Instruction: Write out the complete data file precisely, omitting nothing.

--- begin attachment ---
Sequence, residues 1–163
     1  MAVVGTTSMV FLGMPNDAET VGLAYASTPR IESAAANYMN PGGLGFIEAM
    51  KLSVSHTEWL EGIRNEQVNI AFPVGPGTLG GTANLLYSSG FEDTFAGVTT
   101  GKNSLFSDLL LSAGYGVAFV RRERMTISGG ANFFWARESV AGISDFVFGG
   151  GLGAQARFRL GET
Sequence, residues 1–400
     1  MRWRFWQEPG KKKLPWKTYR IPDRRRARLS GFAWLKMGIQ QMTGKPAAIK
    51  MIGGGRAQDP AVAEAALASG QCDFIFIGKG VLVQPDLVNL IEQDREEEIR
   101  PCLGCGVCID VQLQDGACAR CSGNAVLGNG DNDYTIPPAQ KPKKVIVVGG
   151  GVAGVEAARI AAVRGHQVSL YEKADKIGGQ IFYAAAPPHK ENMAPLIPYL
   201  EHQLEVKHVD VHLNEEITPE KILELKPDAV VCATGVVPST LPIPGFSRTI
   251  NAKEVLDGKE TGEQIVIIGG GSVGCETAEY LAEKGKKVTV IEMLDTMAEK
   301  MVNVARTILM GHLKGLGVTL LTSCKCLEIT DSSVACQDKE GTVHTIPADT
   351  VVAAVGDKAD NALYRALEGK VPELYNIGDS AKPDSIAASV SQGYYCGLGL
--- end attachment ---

Sequence, residues 1–163
     1  MAVVGTTSMV FLGMPNDAET VGLAYASTPR IESAAANYMN PGGLGFIEAM
    51  KLSVSHTEWL EGIRNEQVNI AFPVGPGTLG GTANLLYSSG FEDTFAGVTT
   101  GKNSLFSDLL LSAGYGVAFV RRERMTISGG ANFFWARESV AGISDFVFGG
   151  GLGAQARFRL GET
Sequence, residues 1–400
     1  MRWRFWQEPG KKKLPWKTYR IPDRRRARLS GFAWLKMGIQ QMTGKPAAIK
    51  MIGGGRAQDP AVAEAALASG QCDFIFIGKG VLVQPDLVNL IEQDREEEIR
   101  PCLGCGVCID VQLQDGACAR CSGNAVLGNG DNDYTIPPAQ KPKKVIVVGG
   151  GVAGVEAARI AAVRGHQVSL YEKADKIGGQ IFYAAAPPHK ENMAPLIPYL
   201  EHQLEVKHVD VHLNEEITPE KILELKPDAV VCATGVVPST LPIPGFSRTI
   251  NAKEVLDGKE TGEQIVIIGG GSVGCETAEY LAEKGKKVTV IEMLDTMAEK
   301  MVNVARTILM GHLKGLGVTL LTSCKCLEIT DSSVACQDKE GTVHTIPADT
   351  VVAAVGDKAD NALYRALEGK VPELYNIGDS AKPDSIAASV SQGYYCGLGL